Academic journal article Persuasions: The Jane Austen Journal

Jane Austen and Rhoda: A Further Postscript to Persuasions 20 (1998). (Miscellany)

Academic journal article Persuasions: The Jane Austen Journal

Jane Austen and Rhoda: A Further Postscript to Persuasions 20 (1998). (Miscellany)

Article excerpt

IN MY BOOK A Bibliography of Jane Austen I quoted some comments on Emma made in 1816 by Maria Edgeworth, ending with the words "it is very difficult to make a cook understand what you mean by smooth thin water gruel!" (71). I took these comments from Marilyn Butler's Maria Edgeworth (44.5); a re-reading of Mrs. Butler's book reveals that she added on the same page: "And the family went on to Frances Jackson's Rhoda, which Maria liked 'much--50%--better than Emma.'"

Maria Edgeworth herself, writing on 24 November 1818 to Miss Waller (aunt of the fourth Mrs. Edgeworth) says: "We have not yet seen any visitors since we came here and have paid only one visit to the Miss Jacksons. Miss Fanny you know is the author of Rhoda--Miss Maria Jackson the author of Dialogues on botany..." (Letters from England 141).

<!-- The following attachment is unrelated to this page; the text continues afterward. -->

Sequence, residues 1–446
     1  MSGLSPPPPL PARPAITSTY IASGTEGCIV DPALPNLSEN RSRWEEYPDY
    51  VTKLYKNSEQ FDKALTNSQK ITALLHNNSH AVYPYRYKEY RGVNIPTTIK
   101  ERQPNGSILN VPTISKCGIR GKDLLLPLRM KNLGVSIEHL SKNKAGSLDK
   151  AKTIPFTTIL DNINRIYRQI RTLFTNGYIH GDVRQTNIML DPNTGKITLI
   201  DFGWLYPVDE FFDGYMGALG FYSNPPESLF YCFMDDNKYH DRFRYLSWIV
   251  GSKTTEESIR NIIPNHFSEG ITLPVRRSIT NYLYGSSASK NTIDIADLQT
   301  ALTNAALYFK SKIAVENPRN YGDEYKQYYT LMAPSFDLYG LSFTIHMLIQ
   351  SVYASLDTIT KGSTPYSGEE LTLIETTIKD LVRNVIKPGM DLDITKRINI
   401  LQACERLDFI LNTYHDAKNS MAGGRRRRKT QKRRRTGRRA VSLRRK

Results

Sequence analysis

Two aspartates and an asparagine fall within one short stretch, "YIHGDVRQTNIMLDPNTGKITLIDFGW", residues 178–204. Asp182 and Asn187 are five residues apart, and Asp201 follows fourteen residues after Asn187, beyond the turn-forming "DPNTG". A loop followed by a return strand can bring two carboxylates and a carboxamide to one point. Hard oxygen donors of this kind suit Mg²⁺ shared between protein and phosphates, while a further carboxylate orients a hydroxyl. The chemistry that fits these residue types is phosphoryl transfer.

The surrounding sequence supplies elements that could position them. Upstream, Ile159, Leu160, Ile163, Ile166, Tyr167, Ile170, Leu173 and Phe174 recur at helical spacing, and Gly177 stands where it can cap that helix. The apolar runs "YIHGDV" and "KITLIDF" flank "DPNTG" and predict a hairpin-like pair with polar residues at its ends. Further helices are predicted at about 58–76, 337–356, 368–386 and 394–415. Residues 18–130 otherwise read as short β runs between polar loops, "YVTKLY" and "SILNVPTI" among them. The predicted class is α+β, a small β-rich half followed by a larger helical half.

But who was Frances Jackson? I have only now discovered (through the kindness of Christine Penney of Birmingham University Library, which led me to an article published in 1997 by Joan Percy) that her name was in fact Frances Jacson (Maria Edgeworth's spelling was at fault), that she lived from 1754 to 1842, and that she published, as well as Rhoda, four other anonymous novels: Plain Sense (1795), Disobedience (1797), Things by their Right Names (1812), and Isabella (1823)--the first two of the novels being published by William Lane at the Minerva Press--and a pamphlet entitled Everyday Christianity (1816). Copies of all five novels are in fact in the British Library (while I have Isabella, in addition to my copy of Rhoda).

Richard Lovell Edgeworth, Maria Edgeworth's father, had as his second and third wives Honora Sneyd (1751-1780) and her sister Elizabeth Sneyd (1753-1797), daughters of Major Edward Sneyd of Byrkley Lodge, near Lichfield, Staffordshire; Maria's letter of 24 November 1818 was in fact written from Byrkley Lodge, where she was staying with members of the Sneyd family Joan Percy's well-documented article (which is based on family papers), not only reproduces an 1814 watercolor portrait of Frances Jacson aged 60 by Henry Edridge, but also reveals that the novelist and her sister Maria were distantly related to the Sneyd family (whom they regularly visited) through Edward Sneyd's wife. …

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